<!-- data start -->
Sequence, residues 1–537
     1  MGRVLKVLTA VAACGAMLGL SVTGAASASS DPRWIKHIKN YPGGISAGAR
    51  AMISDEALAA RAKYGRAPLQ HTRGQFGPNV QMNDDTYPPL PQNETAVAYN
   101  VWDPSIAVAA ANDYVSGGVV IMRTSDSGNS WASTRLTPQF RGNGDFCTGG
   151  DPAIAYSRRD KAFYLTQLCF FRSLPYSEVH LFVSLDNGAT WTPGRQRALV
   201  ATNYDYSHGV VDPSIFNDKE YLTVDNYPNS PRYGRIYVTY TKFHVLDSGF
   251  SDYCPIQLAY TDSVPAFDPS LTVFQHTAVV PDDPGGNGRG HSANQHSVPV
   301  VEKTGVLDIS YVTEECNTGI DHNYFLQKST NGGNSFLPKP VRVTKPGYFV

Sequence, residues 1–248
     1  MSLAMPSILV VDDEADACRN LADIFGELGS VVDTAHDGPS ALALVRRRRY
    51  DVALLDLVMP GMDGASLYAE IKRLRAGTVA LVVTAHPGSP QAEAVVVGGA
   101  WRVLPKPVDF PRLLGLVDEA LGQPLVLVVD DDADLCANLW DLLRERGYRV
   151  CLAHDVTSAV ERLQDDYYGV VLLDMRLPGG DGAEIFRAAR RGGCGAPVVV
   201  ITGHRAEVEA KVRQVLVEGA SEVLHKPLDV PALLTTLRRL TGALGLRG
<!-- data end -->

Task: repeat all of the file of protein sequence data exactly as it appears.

Sequence, residues 1–537
     1  MGRVLKVLTA VAACGAMLGL SVTGAASASS DPRWIKHIKN YPGGISAGAR
    51  AMISDEALAA RAKYGRAPLQ HTRGQFGPNV QMNDDTYPPL PQNETAVAYN
   101  VWDPSIAVAA ANDYVSGGVV IMRTSDSGNS WASTRLTPQF RGNGDFCTGG
   151  DPAIAYSRRD KAFYLTQLCF FRSLPYSEVH LFVSLDNGAT WTPGRQRALV
   201  ATNYDYSHGV VDPSIFNDKE YLTVDNYPNS PRYGRIYVTY TKFHVLDSGF
   251  SDYCPIQLAY TDSVPAFDPS LTVFQHTAVV PDDPGGNGRG HSANQHSVPV
   301  VEKTGVLDIS YVTEECNTGI DHNYFLQKST NGGNSFLPKP VRVTKPGYFV

Sequence, residues 1–248
     1  MSLAMPSILV VDDEADACRN LADIFGELGS VVDTAHDGPS ALALVRRRRY
    51  DVALLDLVMP GMDGASLYAE IKRLRAGTVA LVVTAHPGSP QAEAVVVGGA
   101  WRVLPKPVDF PRLLGLVDEA LGQPLVLVVD DDADLCANLW DLLRERGYRV
   151  CLAHDVTSAV ERLQDDYYGV VLLDMRLPGG DGAEIFRAAR RGGCGAPVVV
   201  ITGHRAEVEA KVRQVLVEGA SEVLHKPLDV PALLTTLRRL TGALGLRG